Advantages and limitations of graph analytics: While graph analytics provides flexibility and agility at a low cost, it is not the best option for business intelligence (BI) or performance analytics. Its enhanced data retrieval performance offers nth level interconnected hierarchy. However, it is limited by its inability to support dataset versioning and maintain audit trails of dataset updates. Graph analytics does not make use of standard query language.

Market trends

The graph analytics market is expected to grow to USD 2.1 billon by 2027, up from USD 583 million in 2020. The growth will be most significant in health care, retail and supply chain, as well as fraud detection. It will primarily help analyze low-latency queries and real-time data flow.

In e-commerce, graph analytics plays a vital role in providing accurate recommendations for products. While traditional analytics may make two or three hops to offer suitable recommendations, graph analytics traverses n hops to gather relevant data for more accurate recommendations. Its nth level interconnected hierarchy helps it to better understand customer needs, intent, and interests for precise analysis. With exponential growth in data velocity, graph analytics is expected to play a significant role in big data technology.  Where regular analytics can prove to be a bottleneck, graph algorithms can help analyze huge volumes of data.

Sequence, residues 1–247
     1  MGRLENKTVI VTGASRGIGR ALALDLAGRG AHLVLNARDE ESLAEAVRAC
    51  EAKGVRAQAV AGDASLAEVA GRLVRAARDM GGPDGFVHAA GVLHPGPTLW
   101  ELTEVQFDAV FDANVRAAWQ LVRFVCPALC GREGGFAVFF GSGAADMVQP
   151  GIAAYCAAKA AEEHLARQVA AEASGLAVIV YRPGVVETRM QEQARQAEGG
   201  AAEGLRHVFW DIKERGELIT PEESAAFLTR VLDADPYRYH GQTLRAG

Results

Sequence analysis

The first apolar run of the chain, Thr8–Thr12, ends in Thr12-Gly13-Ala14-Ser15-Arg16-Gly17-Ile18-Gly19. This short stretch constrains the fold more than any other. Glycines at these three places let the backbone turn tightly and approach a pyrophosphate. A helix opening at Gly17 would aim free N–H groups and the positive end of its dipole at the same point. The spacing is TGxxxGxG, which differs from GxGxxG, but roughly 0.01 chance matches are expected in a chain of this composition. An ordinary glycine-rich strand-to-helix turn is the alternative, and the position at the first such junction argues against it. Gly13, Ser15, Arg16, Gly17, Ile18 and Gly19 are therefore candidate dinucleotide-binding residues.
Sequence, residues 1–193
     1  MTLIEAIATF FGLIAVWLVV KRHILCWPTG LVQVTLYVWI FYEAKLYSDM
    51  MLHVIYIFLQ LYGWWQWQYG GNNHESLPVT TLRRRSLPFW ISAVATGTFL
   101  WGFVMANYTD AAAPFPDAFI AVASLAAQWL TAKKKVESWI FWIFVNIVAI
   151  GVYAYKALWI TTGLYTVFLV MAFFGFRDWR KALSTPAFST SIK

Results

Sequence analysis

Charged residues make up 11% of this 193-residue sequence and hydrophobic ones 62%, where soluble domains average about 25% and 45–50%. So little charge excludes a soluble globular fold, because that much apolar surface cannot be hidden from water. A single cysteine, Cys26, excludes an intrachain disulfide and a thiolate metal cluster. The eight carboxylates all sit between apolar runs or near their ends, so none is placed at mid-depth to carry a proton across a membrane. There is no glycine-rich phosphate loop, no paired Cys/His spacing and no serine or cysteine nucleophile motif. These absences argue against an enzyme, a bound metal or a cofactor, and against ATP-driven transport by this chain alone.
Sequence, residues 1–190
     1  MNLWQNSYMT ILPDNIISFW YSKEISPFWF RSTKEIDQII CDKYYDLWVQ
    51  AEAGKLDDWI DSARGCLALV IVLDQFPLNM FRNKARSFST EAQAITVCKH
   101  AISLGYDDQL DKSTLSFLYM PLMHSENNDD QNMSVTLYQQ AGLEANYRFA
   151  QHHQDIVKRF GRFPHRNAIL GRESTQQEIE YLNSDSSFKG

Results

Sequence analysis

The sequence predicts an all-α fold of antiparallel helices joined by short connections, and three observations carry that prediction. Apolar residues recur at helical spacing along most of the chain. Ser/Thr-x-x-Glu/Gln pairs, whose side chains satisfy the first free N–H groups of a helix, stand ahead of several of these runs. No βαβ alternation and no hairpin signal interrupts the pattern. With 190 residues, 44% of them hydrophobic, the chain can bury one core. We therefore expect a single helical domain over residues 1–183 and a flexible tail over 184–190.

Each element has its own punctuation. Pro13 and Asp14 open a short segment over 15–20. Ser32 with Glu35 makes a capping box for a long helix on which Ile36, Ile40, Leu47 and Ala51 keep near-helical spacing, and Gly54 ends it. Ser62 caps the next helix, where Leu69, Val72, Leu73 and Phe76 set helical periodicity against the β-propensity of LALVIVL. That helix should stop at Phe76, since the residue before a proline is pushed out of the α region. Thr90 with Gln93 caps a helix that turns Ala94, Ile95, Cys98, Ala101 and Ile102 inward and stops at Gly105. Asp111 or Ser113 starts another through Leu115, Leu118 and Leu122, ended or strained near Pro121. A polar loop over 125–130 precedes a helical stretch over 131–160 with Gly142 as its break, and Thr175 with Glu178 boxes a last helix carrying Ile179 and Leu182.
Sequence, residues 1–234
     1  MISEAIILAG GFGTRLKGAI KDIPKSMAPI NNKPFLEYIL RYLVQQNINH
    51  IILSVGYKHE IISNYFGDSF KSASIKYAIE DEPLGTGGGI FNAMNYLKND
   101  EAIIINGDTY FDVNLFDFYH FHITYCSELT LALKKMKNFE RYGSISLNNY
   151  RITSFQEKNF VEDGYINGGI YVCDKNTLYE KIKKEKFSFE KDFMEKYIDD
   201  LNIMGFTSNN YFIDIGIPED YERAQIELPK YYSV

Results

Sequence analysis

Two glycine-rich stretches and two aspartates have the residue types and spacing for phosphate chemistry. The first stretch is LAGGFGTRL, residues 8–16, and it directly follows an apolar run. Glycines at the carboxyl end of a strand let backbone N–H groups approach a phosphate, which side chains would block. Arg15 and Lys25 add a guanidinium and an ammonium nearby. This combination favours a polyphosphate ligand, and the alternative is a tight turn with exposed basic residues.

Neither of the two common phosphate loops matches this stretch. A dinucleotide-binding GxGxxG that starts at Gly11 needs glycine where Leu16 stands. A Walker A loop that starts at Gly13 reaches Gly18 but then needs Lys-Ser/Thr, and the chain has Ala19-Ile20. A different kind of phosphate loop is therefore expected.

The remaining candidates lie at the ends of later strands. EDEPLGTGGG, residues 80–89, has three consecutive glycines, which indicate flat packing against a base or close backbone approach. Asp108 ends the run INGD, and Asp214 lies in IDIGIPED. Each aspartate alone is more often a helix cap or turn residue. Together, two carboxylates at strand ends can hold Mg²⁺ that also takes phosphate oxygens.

With potential applications in data modernization, master data management (MDM), data quality management (DQM), metadata management, and other areas of artificial intelligence (AI), more organizations are adopting graph analytics. This offers opportunities in browser combability testing and data testing in MDM and DQM, along with BI data visualization. Where manual effort to validate data and graphs would be high, automation reduces cycle time and increases data accuracy. For example, validating graph data by comparing two images is faster than comparing data queried from a database against a report. With the market demonstrating the potential for native automation solutions, Infosys has developed cutting-edge tools and accelerators to test the graph analytics landscape.


Graph analytics is an emerging technology which is useful for unstructured, real-time, and variable datasets. Adept at drawing data inferences, it helps enhance the accuracy of predictions and decision-making over traditional methods. However, in order to handle large volumes of data on a single server, it must improve its parallel processing algorithms. Devising complex algorithms in practice can help it manage all scenarios presently covered by traditional databases.

Author Details

Jagannadha Rao Kavuluri

Specialized in data testing for last one decade in variant data-drive technologies such as Cloud, Bigdata and Data warehouse. With assorted skills and creative thoughts, provided multiple strategic, viable and beneficial automation solution for distinct data testing projects